Ed was sitting in a chair just inside the door looking up at me with a silly little grin on his face. The Big Boss Man then asked me... a technical question pertaining to the computer. I gave him my answer. Then he and Ed mulled over my answer a bit. Then the Big Boss Man looked at Ed and said, "Okay Ed you can go."

I took Ed's seat and waited. The Big Boss Man sat in his chair looking across his desk at me with sad puppy dog eyes as if to say, "How could you do this to me?"

He could care less that I had a wife and kids at home I was trying to feed. I was ready and fully loaded. Bring it on Boss Man! Lets talk about it!

He never said a thing. I made the $7.60 an hour until the next time he made me mad. Then I put the senior draftsman rate down. He never said a thing about that either. He had talked about having to pay high dollar to whomever he had to hire outside the company to run the new software, so I reckon he got a bargain with me.
Helicopter Wooded LZ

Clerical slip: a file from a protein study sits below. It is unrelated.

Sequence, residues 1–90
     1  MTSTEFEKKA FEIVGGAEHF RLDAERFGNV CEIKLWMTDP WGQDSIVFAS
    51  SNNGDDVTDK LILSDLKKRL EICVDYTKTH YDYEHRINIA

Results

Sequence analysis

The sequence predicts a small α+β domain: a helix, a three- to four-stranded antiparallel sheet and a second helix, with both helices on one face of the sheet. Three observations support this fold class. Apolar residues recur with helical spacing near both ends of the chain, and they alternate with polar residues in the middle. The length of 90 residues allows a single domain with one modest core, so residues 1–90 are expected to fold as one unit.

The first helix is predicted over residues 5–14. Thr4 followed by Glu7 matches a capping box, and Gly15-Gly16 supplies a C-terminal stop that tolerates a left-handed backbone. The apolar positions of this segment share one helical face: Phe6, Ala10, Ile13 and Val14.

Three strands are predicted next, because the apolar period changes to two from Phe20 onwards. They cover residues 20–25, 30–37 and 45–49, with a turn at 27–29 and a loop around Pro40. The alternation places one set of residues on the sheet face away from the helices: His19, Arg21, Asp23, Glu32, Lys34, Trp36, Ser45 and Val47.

I decided the next time he made me mad I'd really make him squeak. But then reading my morning paper over breakfast one day I noticed Air Evac had an ad for flight nurses. I told my wife to give them a call and see if they needed any pilots. Air Evac called me at the office before lunch asking when I could come in to talk to them.

So I ended my surveying career before the next Martin Luther King holiday and took up flying again.

The Big Boss Man called me in once after leaving trying to hire me back. I told him what I needed to make to return. He said, "Umh, for that kind of money I can hire such and such." I said, "Well, maybe that's what you need to do."

I still consider the Big Boss Man a friend. He is a good chess player too. I had been more or less conflict adverse prior to this experience, but I guess he just pushed me far enough. I also think the Lord really loves the Big Boss Man because of the Martin Luther King holiday gift timing that just happened to workout perfectly. This one is a little hard to explain if you don't get it, but...

"All discipline for the moment seems not to be joyful, but sorrowful; yet to those who have been trained by it, afterwards it yields the peaceful fruit of righteousness." Hebrews 12:11

"For whom the LORD loves He reproves, Even as a father corrects the son in whom he delights." Proverbs 3:12

Hope you enjoyed the tale...ciao